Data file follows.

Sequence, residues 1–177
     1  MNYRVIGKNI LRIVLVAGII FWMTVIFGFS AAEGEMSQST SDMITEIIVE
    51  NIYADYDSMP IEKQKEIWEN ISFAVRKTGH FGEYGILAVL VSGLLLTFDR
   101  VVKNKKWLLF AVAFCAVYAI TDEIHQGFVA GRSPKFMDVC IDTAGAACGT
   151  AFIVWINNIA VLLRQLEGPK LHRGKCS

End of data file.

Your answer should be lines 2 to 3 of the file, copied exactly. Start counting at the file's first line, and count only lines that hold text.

     1  MNYRVIGKNI LRIVLVAGII FWMTVIFGFS AAEGEMSQST SDMITEIIVE
    51  NIYADYDSMP IEKQKEIWEN ISFAVRKTGH FGEYGILAVL VSGLLLTFDR